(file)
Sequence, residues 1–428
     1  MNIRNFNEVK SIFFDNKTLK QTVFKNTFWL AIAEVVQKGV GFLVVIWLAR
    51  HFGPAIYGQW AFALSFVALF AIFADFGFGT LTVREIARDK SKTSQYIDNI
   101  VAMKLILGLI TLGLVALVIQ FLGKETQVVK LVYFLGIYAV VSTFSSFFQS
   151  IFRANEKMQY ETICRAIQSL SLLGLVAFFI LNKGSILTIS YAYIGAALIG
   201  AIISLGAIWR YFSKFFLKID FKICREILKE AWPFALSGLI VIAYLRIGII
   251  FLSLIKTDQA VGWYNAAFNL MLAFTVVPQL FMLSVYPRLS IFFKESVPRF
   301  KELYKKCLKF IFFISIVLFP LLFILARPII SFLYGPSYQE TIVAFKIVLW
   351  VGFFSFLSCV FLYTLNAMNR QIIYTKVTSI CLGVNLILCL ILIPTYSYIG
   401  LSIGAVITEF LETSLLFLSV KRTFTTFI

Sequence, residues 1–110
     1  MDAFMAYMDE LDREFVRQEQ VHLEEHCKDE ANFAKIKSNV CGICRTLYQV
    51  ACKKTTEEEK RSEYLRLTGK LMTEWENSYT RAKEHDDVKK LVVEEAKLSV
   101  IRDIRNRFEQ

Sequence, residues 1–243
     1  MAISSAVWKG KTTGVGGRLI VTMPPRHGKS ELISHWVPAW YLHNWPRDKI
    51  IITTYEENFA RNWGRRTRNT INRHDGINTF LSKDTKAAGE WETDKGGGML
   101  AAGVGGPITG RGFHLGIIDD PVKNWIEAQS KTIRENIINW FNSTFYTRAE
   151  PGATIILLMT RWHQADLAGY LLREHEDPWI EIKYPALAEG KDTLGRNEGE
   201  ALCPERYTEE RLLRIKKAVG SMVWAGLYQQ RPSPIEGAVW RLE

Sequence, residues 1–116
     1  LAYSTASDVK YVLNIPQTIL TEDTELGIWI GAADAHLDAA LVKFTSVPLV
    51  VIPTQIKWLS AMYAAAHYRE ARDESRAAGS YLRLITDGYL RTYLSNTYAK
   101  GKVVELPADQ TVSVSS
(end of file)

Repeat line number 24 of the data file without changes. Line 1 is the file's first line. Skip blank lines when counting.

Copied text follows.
   101  GKVVELPADQ TVSVSS